Something is going on behind the scenes in the Russia-EU-Ukraine conflict triangle and not only are we being told nothing about it, we are not even being told it is happening. Yet in the last two months there has been a string of landmark events that have been presented as faits accomplis after nearly five years of inactive stalemate.
It started with Ukrainian President Volodymyr Zelenskiy’s election in April that ushered in the promise of change that comes with a new guard and that promise was reinforced when his Servant of the People (SOTP) party also won a landslide victory in July to take an absolute majority in the Verkhovna Rada.
French President Emmanuel Macron called Zelenskiy on the evening of the presidential victory on his mobile phone during the post election party, which is unusual as fellow presidents usually restrict themselves to formal notes of congratulation through diplomatic channels and some public comments.
Both Macron and German Chancellor Angela Merkel have actively engaged with Zelenskiy from the get go as both are obviously keen to grab the opportunity to end the undeclared war in their back yard.
Clearly a window of opportunity has opened up following Zelenskiy’s election but the clock is ticking. Merkel is suffering from some sort of unidentified nervous disorder and has already said she will step down in two years time and leave politics. Macron has stepped up to the mark and been increasingly active in European politics, hosting Russian President Vladimir Putin for a summit in France and is ready to take over, but wants to make the most of Merkel’s powerful support while she is still in the game.
And with his double landslide electoral victories Zelenskiy has an unprecedented mandate from the people to push through radical reforms, but equally clear is it is only a matter of time before this support begins to fade as Ukraine remains a divided society. Almost on the first day of work, the new Rada was set a hectic legislative programme and has to draft or enact more than 500 laws before New Year’s Eve.
The major change and a concession to Moscow was a decision to re-admit Russia to the Parliamentary Assembly of the Council of Europe (PACE) in June, the second major sanction to be lifted since Russia annexed the Crimea in 2014. (The lifting of sanctions on Russian metals company Rusal in January was the first).
That prompted seven members of PACE, all with borders close to Russia, to walk out of the council in protest to “consult with government” and Ukraine has since said it will boycott the autumn sessions of PACE. However, Russia’s re-admission to PACE is presumably impossible without the complicity of France and Germany, which dominate European politics.
Next was the exchange of 70 POWs at the start of September, the first major exchange of prisoners in five years, that more or less came out of the blue. The exchange was a huge PR coup for Zelenskiy who had campaigned on ending the war and returning home the prisoners. Moreover, amongst them was Oleg Sentsov, a celebrated director who has been in a Russian jail for five years and who became a cause célèbre. Putin in effect handed his opposite number in Kyiv a big political gift.
Most recently Zelenskiy signed off on the “Steinmeier Formula” that is the first real step towards ending the fighting in eastern Ukraine since the Minsk II protocols were agreed in 2015.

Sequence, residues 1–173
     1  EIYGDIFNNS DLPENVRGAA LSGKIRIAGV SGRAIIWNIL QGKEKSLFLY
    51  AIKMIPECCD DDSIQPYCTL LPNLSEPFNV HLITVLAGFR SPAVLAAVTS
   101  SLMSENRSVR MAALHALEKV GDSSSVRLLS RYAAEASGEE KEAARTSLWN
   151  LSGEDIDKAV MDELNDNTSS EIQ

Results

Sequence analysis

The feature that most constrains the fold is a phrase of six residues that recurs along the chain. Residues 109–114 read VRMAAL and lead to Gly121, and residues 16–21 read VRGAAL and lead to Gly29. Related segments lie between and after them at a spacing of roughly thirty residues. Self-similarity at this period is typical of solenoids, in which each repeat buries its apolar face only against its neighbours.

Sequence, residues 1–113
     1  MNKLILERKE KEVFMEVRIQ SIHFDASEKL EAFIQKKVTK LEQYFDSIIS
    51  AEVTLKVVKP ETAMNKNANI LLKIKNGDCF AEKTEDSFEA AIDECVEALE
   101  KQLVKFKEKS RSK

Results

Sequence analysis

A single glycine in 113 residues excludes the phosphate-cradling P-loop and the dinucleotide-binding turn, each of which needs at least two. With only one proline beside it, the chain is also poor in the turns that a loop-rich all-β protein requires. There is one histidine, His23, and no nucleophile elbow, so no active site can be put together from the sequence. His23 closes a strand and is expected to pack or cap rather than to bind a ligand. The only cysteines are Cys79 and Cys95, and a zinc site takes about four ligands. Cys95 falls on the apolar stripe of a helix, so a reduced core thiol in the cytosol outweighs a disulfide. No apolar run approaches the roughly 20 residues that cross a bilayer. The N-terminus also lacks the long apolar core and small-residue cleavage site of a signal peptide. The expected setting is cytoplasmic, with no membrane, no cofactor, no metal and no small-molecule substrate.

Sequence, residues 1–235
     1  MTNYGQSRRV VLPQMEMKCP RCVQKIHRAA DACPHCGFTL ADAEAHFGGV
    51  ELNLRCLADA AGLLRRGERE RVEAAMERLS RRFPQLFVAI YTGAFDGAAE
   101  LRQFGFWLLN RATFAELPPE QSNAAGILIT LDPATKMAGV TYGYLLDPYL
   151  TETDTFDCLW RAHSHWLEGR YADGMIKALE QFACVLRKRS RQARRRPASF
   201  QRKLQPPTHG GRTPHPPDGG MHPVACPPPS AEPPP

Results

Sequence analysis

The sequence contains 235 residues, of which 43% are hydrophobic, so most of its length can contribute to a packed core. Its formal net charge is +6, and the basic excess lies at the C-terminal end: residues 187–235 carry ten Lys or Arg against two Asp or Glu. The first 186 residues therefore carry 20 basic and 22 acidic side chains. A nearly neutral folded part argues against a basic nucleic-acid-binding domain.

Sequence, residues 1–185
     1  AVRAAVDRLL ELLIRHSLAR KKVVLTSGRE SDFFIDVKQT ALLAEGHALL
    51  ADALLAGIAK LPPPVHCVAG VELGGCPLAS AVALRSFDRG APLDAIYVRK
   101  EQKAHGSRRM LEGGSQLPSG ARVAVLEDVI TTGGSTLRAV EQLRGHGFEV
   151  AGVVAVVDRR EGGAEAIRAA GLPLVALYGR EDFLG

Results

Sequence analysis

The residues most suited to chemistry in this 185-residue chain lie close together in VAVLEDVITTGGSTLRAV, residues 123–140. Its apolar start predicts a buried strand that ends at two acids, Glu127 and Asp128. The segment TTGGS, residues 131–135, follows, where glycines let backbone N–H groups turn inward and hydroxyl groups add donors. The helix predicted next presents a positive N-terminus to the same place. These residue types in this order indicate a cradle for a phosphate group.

To break the deadlock over Minsk II, former German foreign minister Frank-Walter Steinmeier suggested the introduction of special temporary local self-government rule in some areas of the Donetsk and Luhansk regions during local elections in Donbas that become permanent if the elections are confirmed as free and fair by the OSCE.
Steinmeier’s ideas were rejected out of hand when he proposed them as they are tantamount to granting the Donbas regions full autonomy, so accepting them now is a compromise. Moreover, Zelenskiy agreed to sign an actual document that makes no mention of the prior withdrawal of Russian troops in Donbas or return of control over the border to Ukraine, which is counter to Zelenskiy’s public commitments since the deal was signed.
Майдан зараз pic.twitter.com/JgBcSNdz3f
Майдан зараз pic.twitter.com/JgBcSNdz3f— Олександр Аргат (@olarhat) October 1, 2019 protests immediately appeared outside the president’s offices in Kyiv after the news broke as some fear Zelenskiy will concede too much to Russia. Zelenskiy made a video statement shortly after to contain the concerns.
“We all understand that Donbas is Ukraine, peace is supposed to dominate there, a full ceasefire should occur, as well as the withdrawal of foreign military formations,” Zelenskiy said. “We all understand that Ukrainian border agents should be posted along our side of the Ukrainian-Russian border, and an exchange of prisoners should occur so that all our citizens return home. Elections should occur not under the barrels of machine guns, but according to Ukrainian legislation with access for candidates from Ukrainian political forces, Ukrainian mass media and international observers, with internally displaced persons having the possibility to fulfil their voting rights.”
All this was achieved before Zelenskiy and Putin have met in person. Indeed, the Steinmeier deal was a pre-requisite for the first Normandy Four meeting (Ukraine, Russia, France and Germany) where Zelenskiy and Putin will meet face to face for the first time. That is where the negotiations to end the war were supposed to start.
As an aside, the US is almost entirely absent from all these discussions on Ukraine. US President Donald Trump’s short conversation with Zelenskiy has led to a political storm in the US and contributed to the decision to start the impeachment process following Trump’s transparent attempts to blackmail Zelenskiy into digging up some dirt on his political rival Joe Biden.
While commentators speculated that Ukraine’s relations with the EU will be hurt by Zelenskiy’s condescending remarks concerning the help he was receiving from Macron and Merkel, the truth is that both leaders are probably grateful for the fracas as it has completely engulfed the US press' attention and left them free to get on with the job of negotiating with Putin over Ukraine without Trump’s scatological interference.
In another sign that there is detailed dance music playing in the background, Putin went on national TV on October 3, two days after the Steinmeier deal was signed, to say: “It's wrong that Ukraine should be portrayed in such a negative light on Russian TV.”